Alex Lieberman recently re-shared his Founder’s Journal podcast episode from November 2021 on The Power Of Leverage.
If you haven’t heard that episode or his podcast before, do check it out, they’re short but insightful.
According to Alex leverage is the process in which one unit of input (ie time, capital, or connections) is turned into many units of output.
This mental model of “gaining leverage” rang so true with what I’m seeing and hearing from across the coworking and flex workspace industry, as operators look to scale and optimize their operations.
In this post, I’ve shared some quick parallels and examples within flex to help more coworking and flex leaders incorporate the mental model into their plans, team training, and frameworks moving forward.
Naval Ravikant notes that there are two groups of leverage, namely permissioned and permissionless.
Permissioned leverage requires someone else’s permission and can be subject to another person or persons accepting a role within the process. Within this group are capital leverage, operational leverage, and knowledge leverage.
These are the usual kinds of forces you probably think of when asked to imagine or describe “leverage” at work.
Capital leverage is when cash is deployed to increase the output.
In flex examples of this could be VC funding, loans, or government grants. There are also new member-led funding options proving increasingly popular from crowdfunding, to pre-paid founding-member passes, to NFTs, and more.
Whilst the cash infusion can be very useful, it is often up to the investor, a bank, your members or a government to give you ‘permission’ and access to use it.
Operational leverage is your team working to achieve goals together.
Adding in full-time, part-time, or consulting assistance can increase the output and results of the flex workspace.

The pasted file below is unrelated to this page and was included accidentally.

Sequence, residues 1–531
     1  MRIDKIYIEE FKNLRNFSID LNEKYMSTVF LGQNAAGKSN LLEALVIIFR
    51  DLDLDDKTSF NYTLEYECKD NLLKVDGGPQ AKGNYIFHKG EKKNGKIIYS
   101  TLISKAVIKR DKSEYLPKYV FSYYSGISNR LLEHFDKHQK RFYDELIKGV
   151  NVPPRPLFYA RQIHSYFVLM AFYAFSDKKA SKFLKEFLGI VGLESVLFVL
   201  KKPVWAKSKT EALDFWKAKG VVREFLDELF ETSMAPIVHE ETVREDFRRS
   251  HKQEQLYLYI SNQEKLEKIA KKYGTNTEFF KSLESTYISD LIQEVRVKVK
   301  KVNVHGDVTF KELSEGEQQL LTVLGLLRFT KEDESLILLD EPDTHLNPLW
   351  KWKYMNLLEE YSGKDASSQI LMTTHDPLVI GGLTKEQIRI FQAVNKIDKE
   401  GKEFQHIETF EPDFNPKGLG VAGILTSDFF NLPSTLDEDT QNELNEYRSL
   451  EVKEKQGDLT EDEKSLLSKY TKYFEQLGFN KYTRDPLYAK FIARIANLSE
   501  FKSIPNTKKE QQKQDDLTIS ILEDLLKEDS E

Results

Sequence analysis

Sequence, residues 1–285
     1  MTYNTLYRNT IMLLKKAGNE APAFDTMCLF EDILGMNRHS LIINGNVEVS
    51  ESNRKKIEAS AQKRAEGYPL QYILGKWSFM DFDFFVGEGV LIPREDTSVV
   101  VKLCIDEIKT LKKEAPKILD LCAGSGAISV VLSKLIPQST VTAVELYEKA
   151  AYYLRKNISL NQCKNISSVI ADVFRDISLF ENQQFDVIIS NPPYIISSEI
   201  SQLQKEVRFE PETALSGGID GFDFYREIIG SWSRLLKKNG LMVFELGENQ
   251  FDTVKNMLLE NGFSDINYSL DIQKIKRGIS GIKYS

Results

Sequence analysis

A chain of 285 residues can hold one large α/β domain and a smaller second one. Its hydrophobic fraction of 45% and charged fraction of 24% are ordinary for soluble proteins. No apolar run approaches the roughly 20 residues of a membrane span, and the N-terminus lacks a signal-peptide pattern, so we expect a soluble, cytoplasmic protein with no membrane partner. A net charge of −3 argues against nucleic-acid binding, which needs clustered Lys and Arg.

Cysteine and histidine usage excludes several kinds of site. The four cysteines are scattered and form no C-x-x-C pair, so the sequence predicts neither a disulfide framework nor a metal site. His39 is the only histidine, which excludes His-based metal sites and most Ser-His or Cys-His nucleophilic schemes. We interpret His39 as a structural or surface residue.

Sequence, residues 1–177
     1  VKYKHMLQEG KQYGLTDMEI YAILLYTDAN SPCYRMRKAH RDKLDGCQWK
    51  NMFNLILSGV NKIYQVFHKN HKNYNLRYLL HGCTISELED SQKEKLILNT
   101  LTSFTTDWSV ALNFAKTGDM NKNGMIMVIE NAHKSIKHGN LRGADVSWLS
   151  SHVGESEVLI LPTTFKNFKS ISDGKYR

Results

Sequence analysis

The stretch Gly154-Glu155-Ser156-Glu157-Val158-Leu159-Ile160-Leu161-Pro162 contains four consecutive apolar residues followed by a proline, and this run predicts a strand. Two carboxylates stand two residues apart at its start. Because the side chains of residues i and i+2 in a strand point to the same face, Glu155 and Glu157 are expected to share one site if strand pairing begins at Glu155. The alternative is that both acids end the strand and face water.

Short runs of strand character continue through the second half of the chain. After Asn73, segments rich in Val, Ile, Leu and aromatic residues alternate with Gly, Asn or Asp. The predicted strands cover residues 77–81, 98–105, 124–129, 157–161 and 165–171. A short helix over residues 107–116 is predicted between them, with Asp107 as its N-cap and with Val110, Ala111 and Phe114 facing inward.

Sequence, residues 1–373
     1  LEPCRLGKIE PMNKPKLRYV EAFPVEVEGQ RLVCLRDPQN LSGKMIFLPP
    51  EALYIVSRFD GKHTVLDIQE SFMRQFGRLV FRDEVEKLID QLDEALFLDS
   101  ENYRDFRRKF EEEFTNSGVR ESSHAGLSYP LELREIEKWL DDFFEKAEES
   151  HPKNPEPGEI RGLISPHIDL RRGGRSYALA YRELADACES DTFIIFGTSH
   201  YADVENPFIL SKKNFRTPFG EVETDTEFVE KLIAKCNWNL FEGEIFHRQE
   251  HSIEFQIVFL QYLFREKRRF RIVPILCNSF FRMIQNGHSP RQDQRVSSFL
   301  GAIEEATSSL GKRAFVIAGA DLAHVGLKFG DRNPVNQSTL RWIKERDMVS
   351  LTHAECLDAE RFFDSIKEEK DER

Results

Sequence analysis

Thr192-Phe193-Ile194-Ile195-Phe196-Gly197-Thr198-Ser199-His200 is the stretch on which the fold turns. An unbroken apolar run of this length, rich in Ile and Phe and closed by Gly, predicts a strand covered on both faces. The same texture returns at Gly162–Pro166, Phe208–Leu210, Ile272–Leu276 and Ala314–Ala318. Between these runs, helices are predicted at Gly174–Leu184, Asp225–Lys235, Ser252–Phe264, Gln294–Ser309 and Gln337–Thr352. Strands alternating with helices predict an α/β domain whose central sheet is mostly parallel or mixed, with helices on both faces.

Again, you need to gain permission from these individuals in the form of convincing them to work for or with you.
Knowledge leverage is surrounding yourself with people who have experience or knowledge that may lack.
In flex, some examples are joining coworking alliances, or monthly meetups, or industry-specific newsletters and events.
The permission here is the fee or cost or access you need to get into and close to the experts you need or want to learn from.
All three are powerful drivers for flex businesses, but their impact isn’t purely limited by the permission needed, they’re also very very hard to scale for most of us. Many operators can’t infinitely raise money, hire millions of superb team members, and have whole industries of experts on speed dial.
Permissionless leverage is quite different here, in that it can be infinitely scalable, and in most cases won’t require any outside party to give permission or access to be able to gain that leverage.
Often, permissionless leverage is made possible through technology, and “works for you while you sleep”. Alex notes that there are two types here, the first being software leverage and the second being media leverage.
Software leverage allows tasks, processes, and workflows to be automated through code. It’s noted that “once you teach a computer to do something, it becomes virtually free for it to do it” again and again.
Examples in flex can be provisioning wifi for meeting room guests, checking in and out a day-pass user via WiFi connections, or securely syncing data and bookings with booking apps and aggregators.
Media leverage is that almost any person can create one piece of content and quickly turn it into multiple pieces of media, increasing reach and discoverability.
For flex spaces, this could be turning a recorded interview into content for all social channels via something like Canva, or spreading the results of one photoshoot into weeks worth of content and brochures and blog posts, or even recording quick interviews with members and using those internally and externally to show off the awesome people who work within your walls. Once the original content is created, it can spread via multiple channels, mediums, and formats, reaching more people whilst you work on something else.
So there you have it – understanding leverage for flex operators in 2 groups, 5 types, and a few examples for each.
Excited to hear and see how you plan to use and implement these forms of leverage to keep growing your flex space businesses.